Did you know urology isn’t just for men? While most people associate urology with male problems, very few know that urologists also treat women and that some physicians are sub-specialized in female urology. In Hong Kong, there are only two female urologists in private practice. Healthy Matters met one of them, Doctor Vera Chung 鍾楊醫生, who kindly accepted to give us the lowdown on female urology.
1 – What is female urology and why is there a common misconception that urologists only treat males?
Urinary tract diseases are indeed more common in males. In our practice, around 70% of our patients are male, most commonly kidney stones and prostate disease. Women can suffer from similar problems as their male counterparts such as kidney stones, urinary tract infection, kidney and bladder tumor etc. Apart from diseases which are common to both genders, female urology is a relatively new discipline in the Asia-Pacific region, focusing mainly on bladder and pelvic floor functions.
2 – What are the most common female urological problems of the bladder and vagina?
The most common female urology diseases include urinary incontinence, overactive bladder, recurrent urinary tract infection and pelvic organ prolapse. In my daily practice, most women come to see me because of urinary incontinence and overactive bladder syndrome. The prevalence of female urinary incontinence is estimated to be as high as 21%, which could reach 50-60% in the elderly. Urinary incontinence and bladder dysfunction have a significant impact on work, family and social situations. However, many sufferers are too embarrassed to talk about their problems.
3 – What are the causes for those urological conditions? And what are the preventive measures?
Urinary incontinence can be broadly categorized as stress urinary incontinence or urge incontinence. As a woman goes through pregnancy and childbirth, the pressure of a full uterus stretches the pelvic floor. Vaginal delivery, in particular traumatic delivery, causes further trauma to the pelvic floor and nerves. When menopause approaches, the connective tissues of the sphincter become increasingly loose as a result of estrogen deficiency. Once the weakened pelvic floor and urethral sphincter can no longer support the urethra and bladder, urine leakage is likely to occur when there is increased abdominal pressure during cough or sneeze.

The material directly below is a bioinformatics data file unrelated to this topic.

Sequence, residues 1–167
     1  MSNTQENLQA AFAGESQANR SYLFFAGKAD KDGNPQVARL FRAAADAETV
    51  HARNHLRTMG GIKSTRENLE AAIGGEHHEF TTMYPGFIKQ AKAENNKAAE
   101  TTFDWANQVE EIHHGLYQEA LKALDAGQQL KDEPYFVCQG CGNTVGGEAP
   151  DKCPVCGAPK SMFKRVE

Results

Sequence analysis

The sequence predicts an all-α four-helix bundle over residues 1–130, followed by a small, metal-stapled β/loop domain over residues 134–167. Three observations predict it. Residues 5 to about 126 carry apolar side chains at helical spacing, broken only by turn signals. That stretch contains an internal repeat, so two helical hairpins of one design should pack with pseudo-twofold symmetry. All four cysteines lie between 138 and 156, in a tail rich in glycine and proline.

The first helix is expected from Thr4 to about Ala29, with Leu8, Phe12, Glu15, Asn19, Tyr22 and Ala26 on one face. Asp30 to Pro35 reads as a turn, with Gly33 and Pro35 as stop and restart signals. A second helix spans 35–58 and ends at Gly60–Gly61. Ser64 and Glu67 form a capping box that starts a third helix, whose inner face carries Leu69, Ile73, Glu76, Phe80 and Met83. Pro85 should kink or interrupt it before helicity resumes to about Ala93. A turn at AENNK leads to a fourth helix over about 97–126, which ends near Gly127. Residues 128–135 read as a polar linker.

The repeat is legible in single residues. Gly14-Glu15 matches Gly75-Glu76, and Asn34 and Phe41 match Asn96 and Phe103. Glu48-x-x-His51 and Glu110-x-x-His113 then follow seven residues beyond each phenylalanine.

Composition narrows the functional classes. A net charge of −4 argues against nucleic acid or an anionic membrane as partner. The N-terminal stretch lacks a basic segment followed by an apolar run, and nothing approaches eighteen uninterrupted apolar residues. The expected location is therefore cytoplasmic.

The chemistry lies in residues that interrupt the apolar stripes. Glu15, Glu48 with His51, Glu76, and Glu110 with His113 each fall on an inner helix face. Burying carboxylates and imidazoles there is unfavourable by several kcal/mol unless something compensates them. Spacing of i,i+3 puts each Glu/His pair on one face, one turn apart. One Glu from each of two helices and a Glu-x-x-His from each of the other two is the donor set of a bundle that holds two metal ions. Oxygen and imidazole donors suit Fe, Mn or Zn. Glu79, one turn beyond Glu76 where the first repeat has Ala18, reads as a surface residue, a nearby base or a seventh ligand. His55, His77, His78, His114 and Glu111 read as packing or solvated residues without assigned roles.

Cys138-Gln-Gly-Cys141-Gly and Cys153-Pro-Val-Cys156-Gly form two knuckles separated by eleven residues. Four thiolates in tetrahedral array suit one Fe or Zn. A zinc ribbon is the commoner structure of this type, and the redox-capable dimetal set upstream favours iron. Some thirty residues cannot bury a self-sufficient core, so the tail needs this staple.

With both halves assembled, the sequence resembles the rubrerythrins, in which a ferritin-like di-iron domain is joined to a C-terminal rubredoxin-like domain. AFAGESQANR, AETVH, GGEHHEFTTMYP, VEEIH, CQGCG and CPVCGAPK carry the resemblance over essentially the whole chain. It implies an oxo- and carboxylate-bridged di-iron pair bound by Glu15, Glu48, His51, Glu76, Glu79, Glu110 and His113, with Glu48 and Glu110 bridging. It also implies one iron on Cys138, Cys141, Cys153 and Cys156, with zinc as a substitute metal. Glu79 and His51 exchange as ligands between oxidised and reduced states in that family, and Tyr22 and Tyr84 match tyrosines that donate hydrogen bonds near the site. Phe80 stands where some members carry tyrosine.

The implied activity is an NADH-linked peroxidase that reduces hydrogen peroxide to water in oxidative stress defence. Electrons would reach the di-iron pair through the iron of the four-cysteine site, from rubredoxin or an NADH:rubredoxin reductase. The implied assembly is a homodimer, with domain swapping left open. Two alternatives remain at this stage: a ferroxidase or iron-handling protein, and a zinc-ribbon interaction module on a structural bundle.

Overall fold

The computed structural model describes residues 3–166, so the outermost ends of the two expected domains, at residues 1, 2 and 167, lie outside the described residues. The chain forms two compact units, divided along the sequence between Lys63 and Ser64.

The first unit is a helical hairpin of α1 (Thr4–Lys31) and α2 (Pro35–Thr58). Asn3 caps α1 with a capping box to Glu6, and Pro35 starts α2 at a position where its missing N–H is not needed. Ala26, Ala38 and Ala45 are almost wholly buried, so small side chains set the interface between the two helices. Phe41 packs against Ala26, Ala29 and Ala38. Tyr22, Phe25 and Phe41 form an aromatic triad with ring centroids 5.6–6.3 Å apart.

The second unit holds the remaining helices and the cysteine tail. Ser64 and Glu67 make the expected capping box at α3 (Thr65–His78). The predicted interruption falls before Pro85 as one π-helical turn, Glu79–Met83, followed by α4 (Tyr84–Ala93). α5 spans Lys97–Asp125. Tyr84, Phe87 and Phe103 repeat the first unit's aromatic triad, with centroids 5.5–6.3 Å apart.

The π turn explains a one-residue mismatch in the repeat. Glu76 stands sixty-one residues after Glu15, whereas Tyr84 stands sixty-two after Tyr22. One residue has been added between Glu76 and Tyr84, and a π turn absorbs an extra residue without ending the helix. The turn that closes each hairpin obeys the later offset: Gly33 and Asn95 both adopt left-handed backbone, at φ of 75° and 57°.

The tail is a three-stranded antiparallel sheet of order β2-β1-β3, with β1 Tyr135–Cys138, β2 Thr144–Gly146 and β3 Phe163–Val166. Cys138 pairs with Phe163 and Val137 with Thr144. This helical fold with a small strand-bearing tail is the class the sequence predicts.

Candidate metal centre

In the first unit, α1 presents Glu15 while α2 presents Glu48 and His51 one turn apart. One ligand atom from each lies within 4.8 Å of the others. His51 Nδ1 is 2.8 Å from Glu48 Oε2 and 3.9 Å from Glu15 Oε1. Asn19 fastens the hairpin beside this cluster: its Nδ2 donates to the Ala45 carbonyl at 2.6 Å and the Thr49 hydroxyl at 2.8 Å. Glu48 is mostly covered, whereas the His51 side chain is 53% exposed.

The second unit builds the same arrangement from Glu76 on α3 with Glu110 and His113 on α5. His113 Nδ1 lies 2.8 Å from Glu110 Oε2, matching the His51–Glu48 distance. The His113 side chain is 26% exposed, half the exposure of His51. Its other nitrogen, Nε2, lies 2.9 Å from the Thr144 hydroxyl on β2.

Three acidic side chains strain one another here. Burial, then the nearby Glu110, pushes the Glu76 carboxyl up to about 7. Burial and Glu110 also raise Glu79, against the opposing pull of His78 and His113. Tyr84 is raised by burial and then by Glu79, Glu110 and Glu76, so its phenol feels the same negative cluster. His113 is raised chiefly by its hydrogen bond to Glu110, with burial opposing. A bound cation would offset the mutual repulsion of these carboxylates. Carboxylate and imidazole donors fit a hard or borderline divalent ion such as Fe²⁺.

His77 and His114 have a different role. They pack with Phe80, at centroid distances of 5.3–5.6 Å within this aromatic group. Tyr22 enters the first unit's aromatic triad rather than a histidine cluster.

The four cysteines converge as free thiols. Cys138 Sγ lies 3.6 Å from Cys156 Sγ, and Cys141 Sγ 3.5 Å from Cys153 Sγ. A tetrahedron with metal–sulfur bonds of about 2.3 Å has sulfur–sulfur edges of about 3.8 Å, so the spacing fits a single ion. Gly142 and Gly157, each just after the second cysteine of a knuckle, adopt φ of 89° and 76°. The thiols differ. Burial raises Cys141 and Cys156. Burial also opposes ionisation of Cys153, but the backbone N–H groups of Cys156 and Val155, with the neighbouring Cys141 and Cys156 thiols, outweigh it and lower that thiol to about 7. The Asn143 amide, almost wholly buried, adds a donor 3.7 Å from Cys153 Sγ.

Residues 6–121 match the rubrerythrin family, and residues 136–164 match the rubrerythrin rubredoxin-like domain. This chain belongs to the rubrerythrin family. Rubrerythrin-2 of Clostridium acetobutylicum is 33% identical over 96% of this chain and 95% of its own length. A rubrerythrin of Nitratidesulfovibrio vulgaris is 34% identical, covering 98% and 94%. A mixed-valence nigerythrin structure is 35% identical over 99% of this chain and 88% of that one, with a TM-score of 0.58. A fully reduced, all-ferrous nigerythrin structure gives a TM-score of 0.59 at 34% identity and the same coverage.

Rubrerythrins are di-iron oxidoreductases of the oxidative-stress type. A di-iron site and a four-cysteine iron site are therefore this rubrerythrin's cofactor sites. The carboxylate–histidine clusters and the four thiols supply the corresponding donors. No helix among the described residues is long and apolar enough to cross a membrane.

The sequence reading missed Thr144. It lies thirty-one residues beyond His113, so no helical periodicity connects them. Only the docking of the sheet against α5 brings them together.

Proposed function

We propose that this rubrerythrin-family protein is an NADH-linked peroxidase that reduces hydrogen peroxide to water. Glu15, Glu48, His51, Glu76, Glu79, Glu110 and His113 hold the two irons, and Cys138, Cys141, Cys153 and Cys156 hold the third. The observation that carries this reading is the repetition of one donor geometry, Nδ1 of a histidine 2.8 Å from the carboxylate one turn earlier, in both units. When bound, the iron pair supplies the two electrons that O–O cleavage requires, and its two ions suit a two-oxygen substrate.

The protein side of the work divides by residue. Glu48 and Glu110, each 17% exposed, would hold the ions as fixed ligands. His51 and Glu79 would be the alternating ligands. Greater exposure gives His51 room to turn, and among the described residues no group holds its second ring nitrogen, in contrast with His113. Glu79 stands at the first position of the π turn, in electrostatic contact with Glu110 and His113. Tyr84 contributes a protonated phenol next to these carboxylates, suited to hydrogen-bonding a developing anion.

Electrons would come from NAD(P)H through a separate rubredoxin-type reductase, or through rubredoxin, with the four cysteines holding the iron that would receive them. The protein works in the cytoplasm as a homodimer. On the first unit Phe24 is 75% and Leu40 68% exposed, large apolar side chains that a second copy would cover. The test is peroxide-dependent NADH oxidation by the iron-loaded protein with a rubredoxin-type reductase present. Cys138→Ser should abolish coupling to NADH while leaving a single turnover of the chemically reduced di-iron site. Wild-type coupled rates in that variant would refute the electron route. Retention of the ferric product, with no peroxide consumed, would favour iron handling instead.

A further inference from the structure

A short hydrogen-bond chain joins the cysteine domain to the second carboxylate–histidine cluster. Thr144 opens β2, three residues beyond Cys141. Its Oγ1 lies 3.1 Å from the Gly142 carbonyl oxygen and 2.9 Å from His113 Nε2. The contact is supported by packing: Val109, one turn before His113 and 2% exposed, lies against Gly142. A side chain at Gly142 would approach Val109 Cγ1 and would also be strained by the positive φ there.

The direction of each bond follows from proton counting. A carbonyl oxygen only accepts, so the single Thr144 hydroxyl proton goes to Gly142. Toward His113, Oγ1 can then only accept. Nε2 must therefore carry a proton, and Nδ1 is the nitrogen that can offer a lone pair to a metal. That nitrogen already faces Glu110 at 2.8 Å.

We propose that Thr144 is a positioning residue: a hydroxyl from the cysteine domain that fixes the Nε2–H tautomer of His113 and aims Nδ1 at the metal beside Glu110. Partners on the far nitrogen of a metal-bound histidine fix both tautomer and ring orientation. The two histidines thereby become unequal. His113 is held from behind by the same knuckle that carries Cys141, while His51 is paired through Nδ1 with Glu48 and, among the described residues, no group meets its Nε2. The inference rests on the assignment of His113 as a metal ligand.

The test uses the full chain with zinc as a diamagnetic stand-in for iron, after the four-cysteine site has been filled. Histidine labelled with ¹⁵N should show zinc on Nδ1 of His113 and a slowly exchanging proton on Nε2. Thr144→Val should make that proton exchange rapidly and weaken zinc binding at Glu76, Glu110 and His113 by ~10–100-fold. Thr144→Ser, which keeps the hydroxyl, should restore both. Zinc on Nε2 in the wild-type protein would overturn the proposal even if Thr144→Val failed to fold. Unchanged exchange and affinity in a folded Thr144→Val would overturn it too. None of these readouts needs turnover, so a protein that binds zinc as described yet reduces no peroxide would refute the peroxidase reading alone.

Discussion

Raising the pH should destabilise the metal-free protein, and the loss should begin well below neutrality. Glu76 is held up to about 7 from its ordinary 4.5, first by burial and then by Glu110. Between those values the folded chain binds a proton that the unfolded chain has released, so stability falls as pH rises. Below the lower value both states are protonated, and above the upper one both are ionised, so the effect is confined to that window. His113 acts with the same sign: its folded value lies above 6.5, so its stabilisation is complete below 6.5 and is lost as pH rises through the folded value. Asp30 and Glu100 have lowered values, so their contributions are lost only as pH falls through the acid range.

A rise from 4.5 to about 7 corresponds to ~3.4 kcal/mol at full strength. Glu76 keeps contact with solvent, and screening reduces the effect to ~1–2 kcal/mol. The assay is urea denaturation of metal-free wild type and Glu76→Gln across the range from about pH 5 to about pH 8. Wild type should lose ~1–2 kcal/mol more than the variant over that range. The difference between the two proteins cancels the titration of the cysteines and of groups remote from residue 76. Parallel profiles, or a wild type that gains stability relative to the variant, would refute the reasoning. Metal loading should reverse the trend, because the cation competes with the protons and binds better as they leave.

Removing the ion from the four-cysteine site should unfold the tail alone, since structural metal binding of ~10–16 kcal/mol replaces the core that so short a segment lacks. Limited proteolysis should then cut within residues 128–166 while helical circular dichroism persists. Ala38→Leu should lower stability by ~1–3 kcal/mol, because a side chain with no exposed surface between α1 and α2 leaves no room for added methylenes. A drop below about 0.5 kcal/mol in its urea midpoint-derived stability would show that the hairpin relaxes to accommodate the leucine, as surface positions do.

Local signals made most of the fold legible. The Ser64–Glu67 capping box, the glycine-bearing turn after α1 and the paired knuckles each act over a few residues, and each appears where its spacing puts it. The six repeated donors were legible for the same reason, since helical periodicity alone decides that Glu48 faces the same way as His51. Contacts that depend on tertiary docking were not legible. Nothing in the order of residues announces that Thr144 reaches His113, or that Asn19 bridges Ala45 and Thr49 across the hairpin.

Urge incontinence is another distinct disease entity with complete a different pathophysiology. It is most commonly seen in overactive bladder syndrome. The bladder becomes over-sensitive and contracts involuntarily leading to the compelling “urge” sensation and urge incontinence.
4 – When should a woman seek medical help from a urologist?
Simple urinary tract infection and mild urinary incontinence can be adequately managed by a family physician and physiotherapist. When a woman has a refractory urinary tract infection or has alarming symptoms such as blood in urine, pain during urination, abdominal pain, severe urinary incontinence, she should consider seeing a urologist to exclude more sinister conditions.
5 – What are the treatments available?
Mild urinary incontinence can be managed by lifestyle modification such as keeping a moderate fluid intake of 1.5-2L per day, limitation of drinks that may irritate the bladder such as tea, coffee, fizzy drinks and weight reduction. Bladder training and pelvic floor exercises are effective options under the instruction of a physiotherapist. Oral medications are available for overactive bladder symptoms and urge incontinence. Five to 10% of patients with an overactive bladder may require bladder Botox injection for severe urge incontinence if oral medication cannot be tolerated. For women with stress urinary incontinence that cannot be improved by pelvic floor exercise, a minimal invasive surgery (insertion of mid-urethral tape) will help to reinforce the pelvic floor and urethral sphincter. The procedure can be performed as a day procedure with a cure rate of over 90%.
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Dr. Vera Chung 鍾楊醫生 is an associate of the Hong Kong Urology Clinic. She qualified in 2003 from the University of Hong Kong and was trained as a urologist in Queen Elizabeth Hospital and obtained Fellowship of Royal College of Surgeons of Edinburgh in 2011. Dr. Chung was promoted to associate consultant in Pamela Youde Nethersole Eastern Hospital in 2012. From 2013 to 2015 she has completed two-year European Board of Urology (EBU) Fellowship in endourology and laparoscopy at Nuffield Department of Surgical Sciences, University of Oxford. In Oxford, she also consolidated her training in the management of continence and prolapse problems in the Department of Gynecology.
This article was independently written by Healthy Matters and not sponsored. It is informative only and is not intended to be a substitute for professional medical advice, diagnosis, or treatment, and should never be relied upon for specific medical advice.